What You Need To Know About Sunscreen


SPF, UVB & UVA... What's the difference?

According to research done by the School of Medicine at Northwestern University, 43% of people [that they polled] don't know what SPF means. SPF: is an acronym for Sun Protection Factor. 

People think that SPF includes everything (UVA and UVB rays), but SPF only measures UVB rays. The most misunderstood part of sunscreen is UVA,  “UVA is around every day; it can penetrate through window glass,” Like UVB, it is also related to an increased risk of skin cancer, but unlike UVB, it’s not filtered by the ozone at all. UVA doesn’t cause sunburn, but “it really leads to darkening and aging, because it penetrates deeper into the skin and has more influence in the collagen.

Broad Spectrum & Active Ingredients 

There’s only one way to tell whether your sunscreen offers UVA coverage: the words “broad spectrum.” More active ingredients protect against UVB than UVA rays. Look for active ingredients like zinc oxide, a natural sunscreen ingredient that physically—instead of chemically (like the popular oxybenzone and avobenzone chemicals),—blocks rays. Zinc oxide protects against both UVA and UVB rays.

This being said, 

So below we've listed out a few other things that you can do to make sure you are as protected as possible from harmful UVB and UVA rays.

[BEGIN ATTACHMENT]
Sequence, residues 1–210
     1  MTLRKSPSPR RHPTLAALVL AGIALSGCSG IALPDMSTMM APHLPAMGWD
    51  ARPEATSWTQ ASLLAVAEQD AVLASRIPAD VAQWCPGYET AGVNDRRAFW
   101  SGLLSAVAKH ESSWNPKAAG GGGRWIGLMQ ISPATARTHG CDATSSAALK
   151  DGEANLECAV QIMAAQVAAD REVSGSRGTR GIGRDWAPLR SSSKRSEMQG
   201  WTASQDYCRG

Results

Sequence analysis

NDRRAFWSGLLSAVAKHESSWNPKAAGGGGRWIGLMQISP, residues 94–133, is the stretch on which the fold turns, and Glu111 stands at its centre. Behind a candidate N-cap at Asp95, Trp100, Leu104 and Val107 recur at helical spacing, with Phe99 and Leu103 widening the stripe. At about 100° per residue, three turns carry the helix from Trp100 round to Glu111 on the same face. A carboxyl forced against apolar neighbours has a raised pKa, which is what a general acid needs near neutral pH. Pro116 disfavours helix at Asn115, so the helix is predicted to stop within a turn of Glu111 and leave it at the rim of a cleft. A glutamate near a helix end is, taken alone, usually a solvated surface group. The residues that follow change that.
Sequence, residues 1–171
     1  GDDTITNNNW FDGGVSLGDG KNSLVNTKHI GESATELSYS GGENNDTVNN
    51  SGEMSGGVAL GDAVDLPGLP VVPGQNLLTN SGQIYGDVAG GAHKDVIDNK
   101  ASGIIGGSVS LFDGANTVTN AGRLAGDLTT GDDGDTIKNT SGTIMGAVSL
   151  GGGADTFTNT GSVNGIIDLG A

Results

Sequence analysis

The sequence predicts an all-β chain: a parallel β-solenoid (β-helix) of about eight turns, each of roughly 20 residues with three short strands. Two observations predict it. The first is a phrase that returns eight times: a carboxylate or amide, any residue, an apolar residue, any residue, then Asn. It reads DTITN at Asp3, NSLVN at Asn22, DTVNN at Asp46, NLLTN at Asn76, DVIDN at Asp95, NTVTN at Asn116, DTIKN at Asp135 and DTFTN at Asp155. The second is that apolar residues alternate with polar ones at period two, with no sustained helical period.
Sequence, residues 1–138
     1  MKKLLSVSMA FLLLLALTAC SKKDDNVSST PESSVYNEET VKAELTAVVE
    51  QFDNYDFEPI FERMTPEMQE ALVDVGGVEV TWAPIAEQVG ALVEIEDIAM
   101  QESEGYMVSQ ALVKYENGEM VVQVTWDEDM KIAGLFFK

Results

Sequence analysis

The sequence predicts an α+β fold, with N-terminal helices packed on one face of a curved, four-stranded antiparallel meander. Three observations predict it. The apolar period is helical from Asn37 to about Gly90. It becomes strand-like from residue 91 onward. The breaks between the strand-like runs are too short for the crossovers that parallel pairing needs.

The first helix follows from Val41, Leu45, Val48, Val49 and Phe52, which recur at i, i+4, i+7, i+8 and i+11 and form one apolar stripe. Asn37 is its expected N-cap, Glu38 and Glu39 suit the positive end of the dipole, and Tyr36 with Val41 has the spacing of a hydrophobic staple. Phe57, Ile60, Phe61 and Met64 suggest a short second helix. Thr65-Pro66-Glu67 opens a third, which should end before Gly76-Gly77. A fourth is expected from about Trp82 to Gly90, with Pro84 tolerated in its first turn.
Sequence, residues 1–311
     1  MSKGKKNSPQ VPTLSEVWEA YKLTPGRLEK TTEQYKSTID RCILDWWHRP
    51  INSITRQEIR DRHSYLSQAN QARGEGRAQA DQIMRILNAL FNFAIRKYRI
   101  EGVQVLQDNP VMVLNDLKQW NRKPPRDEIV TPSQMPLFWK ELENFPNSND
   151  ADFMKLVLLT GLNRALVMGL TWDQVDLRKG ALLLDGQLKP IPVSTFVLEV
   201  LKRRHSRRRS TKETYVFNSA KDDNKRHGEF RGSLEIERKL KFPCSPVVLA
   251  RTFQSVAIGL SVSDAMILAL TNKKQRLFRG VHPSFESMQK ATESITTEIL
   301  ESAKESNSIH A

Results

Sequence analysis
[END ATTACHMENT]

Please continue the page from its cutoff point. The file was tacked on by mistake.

Even if it is overcast and cloudy outside, UV Rays can still pass through clouds and penetrate your skin.  Additionally, if you're near reflective surfaces such as water, white sand, concrete, snow or ice-- all of these surfaces reflect the sun's rays and can cause sunburns.

While you are more likely to get burned between the hours of 10am-2pm when the sun's rays are the strongest, any time the sun is shining you have a chance of getting a sunburn. 

Knowing all of these facts can help you limit your sun exposure, and keep you from getting a sunburn, but only if you wear the proper protective clothing and use an adequate amount of sunscreen. 

When to Apply & Reapply Sunscreen: 

How Much Sunscreen Should You Use? 

 

Just remember, any sort of tanning to your skin is a sign of skin damage, and the less tanning you do now, the better your skin will look and feel fifty years from now. We hope this article will help you be safer in the sun and help you to keep your skin looking young and beautiful!